In 1901 the first true housing co-partnership was established: Ealing Tenants Ltd, under the aegis of Co-Partnerships Tenants Ltd, an organisation founded to promote, finance and build affordable social housing, providing a unique form of tenure that combined the features of tenant cooperatives and a limited dividend company. Its inspirational chairman, Henry Vivian, a prominent trade unionist and later politician (elected Liberal MP for Birkenhead in 1906), believed that the ordinary working man, as well as having a good quality home in pleasant surroundings “conducive to both health and pleasure”, should share in the profits of house ownership. In 1907 he called in the Derbyshire architects Raymond Unwin and Barry Parker, advisers to the Garden City Association, cementing the link with the development of garden suburbs and the emergence of organised town planning. Together they created Brentham Garden Estate for Ealing Estates Ltd.

Unwin was a visionary, promoting affordable homes designed in the Arts and Crafts style and keen to play his part in the improvement of society. With Parker he had already designed New Earswick, near York, for Joseph Rowntree, and the Garden City of Letchworth and Garden Suburb at Hampstead. Before Ealing, co-partnerships had been established in Leicester (1902) and here in Sevenoaks (1903). By 1910 there were eleven similar companies in operation in towns including Stoke-on-Trent, Keswick and Liverpool. It is estimated that in all there were around 50 co-operative housing societies, and the movement spread overseas to Germany, Russia and Canada.

(Unwin had grander plans for a Garden Suburb for Sevenoaks. But because of the piece-meal acquisition of the donated land, such ambitions went unfulfilled).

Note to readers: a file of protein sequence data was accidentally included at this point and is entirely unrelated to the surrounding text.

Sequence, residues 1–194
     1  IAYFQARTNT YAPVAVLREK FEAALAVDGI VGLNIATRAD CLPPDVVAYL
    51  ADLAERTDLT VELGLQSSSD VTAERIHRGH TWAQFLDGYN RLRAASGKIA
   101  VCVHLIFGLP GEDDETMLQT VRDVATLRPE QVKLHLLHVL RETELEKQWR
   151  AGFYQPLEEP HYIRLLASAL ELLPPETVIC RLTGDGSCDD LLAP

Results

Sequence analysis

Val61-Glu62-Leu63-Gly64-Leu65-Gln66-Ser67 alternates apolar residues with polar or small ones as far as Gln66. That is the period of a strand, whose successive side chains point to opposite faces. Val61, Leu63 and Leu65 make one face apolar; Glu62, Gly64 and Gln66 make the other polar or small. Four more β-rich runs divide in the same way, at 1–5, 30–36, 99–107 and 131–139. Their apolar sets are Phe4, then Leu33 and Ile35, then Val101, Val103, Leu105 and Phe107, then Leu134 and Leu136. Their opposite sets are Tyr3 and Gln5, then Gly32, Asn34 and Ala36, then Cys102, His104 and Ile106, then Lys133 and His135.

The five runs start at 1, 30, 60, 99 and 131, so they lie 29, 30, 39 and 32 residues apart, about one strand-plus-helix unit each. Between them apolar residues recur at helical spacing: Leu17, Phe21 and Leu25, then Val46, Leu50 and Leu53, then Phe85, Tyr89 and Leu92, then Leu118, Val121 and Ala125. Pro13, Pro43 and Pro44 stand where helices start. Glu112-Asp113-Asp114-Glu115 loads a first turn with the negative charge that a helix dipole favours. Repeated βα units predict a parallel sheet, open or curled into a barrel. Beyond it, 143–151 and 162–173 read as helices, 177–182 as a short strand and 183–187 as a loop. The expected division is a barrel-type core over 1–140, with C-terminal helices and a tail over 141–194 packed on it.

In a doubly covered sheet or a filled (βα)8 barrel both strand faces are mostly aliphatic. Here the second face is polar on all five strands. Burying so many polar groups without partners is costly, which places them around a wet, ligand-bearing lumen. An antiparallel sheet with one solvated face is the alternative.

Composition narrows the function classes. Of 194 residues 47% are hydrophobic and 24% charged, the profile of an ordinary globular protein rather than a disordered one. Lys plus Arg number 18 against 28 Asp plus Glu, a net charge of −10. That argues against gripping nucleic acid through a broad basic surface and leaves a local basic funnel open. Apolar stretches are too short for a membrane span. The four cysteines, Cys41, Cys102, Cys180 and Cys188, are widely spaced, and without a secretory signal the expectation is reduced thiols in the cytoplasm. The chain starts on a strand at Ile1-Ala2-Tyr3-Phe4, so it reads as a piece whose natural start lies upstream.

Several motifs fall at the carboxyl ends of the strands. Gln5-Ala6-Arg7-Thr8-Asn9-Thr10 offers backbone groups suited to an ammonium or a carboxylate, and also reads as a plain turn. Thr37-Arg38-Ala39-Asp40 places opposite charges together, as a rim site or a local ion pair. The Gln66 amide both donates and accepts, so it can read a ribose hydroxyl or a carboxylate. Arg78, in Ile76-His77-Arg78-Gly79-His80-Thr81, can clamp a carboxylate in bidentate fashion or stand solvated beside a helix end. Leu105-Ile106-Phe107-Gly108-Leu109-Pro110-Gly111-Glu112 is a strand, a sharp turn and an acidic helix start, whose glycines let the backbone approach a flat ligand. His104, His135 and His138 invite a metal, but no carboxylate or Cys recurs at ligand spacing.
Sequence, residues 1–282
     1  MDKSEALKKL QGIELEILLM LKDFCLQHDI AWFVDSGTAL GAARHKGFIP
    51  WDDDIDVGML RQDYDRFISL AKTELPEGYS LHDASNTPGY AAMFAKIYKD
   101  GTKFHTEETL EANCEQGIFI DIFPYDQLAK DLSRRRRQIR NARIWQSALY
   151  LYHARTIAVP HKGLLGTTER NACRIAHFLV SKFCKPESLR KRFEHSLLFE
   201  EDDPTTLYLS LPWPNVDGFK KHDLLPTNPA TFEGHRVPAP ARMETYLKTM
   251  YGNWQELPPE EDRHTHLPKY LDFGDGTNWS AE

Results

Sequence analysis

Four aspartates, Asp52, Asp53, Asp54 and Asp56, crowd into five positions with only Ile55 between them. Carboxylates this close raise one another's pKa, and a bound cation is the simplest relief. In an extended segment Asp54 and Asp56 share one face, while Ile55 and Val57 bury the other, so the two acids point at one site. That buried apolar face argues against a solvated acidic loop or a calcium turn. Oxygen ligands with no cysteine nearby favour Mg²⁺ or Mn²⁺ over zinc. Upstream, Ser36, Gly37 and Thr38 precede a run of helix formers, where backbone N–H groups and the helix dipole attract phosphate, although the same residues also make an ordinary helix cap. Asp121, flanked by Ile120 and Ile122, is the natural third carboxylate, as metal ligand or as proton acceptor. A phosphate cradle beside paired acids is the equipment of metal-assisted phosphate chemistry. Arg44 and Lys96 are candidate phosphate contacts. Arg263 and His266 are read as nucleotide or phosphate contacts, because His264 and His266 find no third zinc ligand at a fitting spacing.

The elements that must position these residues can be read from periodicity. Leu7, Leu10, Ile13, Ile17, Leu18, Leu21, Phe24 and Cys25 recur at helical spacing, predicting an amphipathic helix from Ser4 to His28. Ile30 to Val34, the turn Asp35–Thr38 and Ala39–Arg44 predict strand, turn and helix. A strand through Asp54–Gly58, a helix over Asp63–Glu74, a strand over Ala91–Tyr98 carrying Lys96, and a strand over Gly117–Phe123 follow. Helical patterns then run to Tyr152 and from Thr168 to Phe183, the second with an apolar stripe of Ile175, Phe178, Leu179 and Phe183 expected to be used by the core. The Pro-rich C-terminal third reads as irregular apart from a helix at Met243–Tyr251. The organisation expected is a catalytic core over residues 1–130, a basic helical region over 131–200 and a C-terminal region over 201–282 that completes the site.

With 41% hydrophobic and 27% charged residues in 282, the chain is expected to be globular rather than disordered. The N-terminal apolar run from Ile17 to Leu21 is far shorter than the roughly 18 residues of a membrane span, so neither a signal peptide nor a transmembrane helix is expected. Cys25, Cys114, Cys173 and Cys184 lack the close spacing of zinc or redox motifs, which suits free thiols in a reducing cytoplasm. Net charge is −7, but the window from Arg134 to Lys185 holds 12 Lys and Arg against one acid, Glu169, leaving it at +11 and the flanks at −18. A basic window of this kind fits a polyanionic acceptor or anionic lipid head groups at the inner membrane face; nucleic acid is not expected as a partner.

Sevenoaks Tenants Limited, now the name of the housing association, was wound up in December 2011, with its remaining capital being distributed to the 69 shareholders who were given the deeds to their houses. So ended a pioneering cooperative housing movement that through the compassion and generosity of its local founders and benefactors, the support of an inspirational national movement, and the appointment of visionary architects and builders, provided comfort and security to those in greatest need.

Below in her own words are the recollections of one of those whose family was in receipt of such far-sighted benevolence.

hollyoake

Holyoake Terrace in earlier times

Holyoake Terrace Remembered: Childhood Recollections of José Gray

“Seeing a copy of the report in the Chronicle in December 2011 announcing the demise of Sevenoaks Tenants as a Cooperative has brought back so many clear memories of Holyoake Terrace as part of my childhood.

Comprising about 30 three-bedroom cottages, the Terrace was inspired by the philanthropic movements at the turn of the 19th and 20th centuries, to help solve the need for more decent working class homes – required more than ever after the end of the 1914-18 World War. Other similarly planned developments took place locally, but the Holyoake Terrace project benefitted particularly from the parallel strip of woodland separating it from the privately-built middle-class homes and their possibly class-conscious owners in Oakhill Road. The railway ran parallel at the backs of the Terrace but gave easy access to the railway station too.